FIG. 10 shows the processing flow of a process in which the information processing system 20 limits access to secret information. The comparing unit 320 determines whether or not access to a secret key is requested by an application program or the like in order to play back digital contents (S1000). In response to an access request to secret information (S1000: YES), the comparing unit 320 compares the expected value recorded in the secret information recording unit 310 in association with the secret information with the integrity information stored in the register 300 (S1010).

The access controlling unit 330 permits access to the secret information (S1030) on condition that the integrity information and the expected value of the integrity information are identical with each other (S1010: YES). That is, for example, the access controlling unit 330 plays back digital contents by permitting access to the secret key. On the other hand, the access controlling unit 330 prohibits access to the secret information (S1040) on condition that the integrity information and the expected value of the integrity information are different from each other (S1020: NO). That is, for example, the access controlling unit 330 prohibits the playback of digital contents by prohibiting access to the secret information.

As described above, the information processing system 20 shown in this embodiment can determines the integrity of the entire system including a software component regardless of whether or not the software component has been started. This makes it possible to appropriately control access to secret information even before the start-up of the software component. Furthermore, even in the case where a plurality of software components are started in no particular order, access to secret information can be appropriately controlled by effectively utilizing the security chip for controlling access to the secret information.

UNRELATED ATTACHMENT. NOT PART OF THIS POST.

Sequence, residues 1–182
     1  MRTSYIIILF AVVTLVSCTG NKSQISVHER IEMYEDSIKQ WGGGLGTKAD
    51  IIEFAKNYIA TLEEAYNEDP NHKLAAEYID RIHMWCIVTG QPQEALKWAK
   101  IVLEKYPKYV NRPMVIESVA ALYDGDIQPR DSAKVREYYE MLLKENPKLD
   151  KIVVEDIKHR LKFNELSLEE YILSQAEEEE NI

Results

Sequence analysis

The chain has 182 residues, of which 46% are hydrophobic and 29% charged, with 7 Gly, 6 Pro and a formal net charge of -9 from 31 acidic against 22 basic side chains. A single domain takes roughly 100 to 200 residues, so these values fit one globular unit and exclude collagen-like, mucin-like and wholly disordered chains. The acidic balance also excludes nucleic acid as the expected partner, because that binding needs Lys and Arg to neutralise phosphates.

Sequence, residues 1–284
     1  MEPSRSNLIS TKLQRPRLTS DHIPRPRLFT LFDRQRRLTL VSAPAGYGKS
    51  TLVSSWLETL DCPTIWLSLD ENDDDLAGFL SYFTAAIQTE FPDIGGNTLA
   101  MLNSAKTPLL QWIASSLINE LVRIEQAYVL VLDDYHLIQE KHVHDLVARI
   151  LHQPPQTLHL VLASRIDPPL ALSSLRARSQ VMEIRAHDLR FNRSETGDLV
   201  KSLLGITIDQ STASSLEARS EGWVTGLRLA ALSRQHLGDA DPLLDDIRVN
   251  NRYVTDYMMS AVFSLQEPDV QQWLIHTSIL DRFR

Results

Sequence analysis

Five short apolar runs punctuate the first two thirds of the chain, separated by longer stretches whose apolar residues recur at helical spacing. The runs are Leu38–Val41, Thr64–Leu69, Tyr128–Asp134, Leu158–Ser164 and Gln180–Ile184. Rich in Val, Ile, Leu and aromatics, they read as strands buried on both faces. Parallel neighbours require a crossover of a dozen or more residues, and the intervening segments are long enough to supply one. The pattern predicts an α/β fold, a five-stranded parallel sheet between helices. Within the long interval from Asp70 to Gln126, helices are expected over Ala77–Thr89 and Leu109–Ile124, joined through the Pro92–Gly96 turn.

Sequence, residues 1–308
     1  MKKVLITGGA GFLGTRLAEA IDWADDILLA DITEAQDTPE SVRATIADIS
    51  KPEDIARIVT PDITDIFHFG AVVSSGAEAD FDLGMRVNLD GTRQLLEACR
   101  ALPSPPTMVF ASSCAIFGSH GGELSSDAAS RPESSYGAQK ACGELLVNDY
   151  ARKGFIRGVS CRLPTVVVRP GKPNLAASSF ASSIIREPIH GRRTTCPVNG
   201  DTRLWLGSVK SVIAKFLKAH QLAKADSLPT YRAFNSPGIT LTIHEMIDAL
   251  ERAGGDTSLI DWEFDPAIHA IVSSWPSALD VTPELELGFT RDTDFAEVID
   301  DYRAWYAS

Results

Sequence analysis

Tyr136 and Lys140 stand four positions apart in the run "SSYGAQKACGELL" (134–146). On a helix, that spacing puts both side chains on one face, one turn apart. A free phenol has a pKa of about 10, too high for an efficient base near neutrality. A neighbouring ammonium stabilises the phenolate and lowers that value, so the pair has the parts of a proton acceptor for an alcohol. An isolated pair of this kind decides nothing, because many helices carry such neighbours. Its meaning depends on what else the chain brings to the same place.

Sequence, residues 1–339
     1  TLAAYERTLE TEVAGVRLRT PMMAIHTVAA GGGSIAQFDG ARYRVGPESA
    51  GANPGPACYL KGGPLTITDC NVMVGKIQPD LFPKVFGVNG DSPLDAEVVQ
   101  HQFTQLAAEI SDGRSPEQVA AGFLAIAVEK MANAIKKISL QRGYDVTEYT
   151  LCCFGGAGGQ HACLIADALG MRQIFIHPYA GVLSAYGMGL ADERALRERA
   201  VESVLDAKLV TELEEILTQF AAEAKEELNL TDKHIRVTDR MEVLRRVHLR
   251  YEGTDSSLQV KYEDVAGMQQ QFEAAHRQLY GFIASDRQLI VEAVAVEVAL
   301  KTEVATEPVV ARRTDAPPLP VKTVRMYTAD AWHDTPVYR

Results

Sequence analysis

It should be noted that the method of the present invention may be embedded in a program product, which includes all features for implementing the method of the present invention and can implement the method when it is loaded in a machine system.

The flowchart and block diagrams in the Figures illustrate the architecture, functionality, and operation of possible implementations of systems, methods and computer program products according to various embodiments of the present invention. In this regard, each block in the flowchart or block diagrams may represent a module, segment, or portion of code, which comprises one or more executable instructions for implementing the specified logical function(s). It should also be noted that, in some alternative implementations, the functions noted in the block may occur out of the order noted in the figures. For example, two blocks shown in succession may, in fact, be executed substantially concurrently, or the blocks may sometimes be executed in the reverse order, depending upon the functionality involved. It will also be noted that each block of the block diagrams and/or flowchart illustration, and combinations of blocks in the block diagrams and/or flowchart illustration, can be implemented by special purpose hardware-based systems that perform the specified functions or acts, or combinations of special purpose hardware and computer instructions.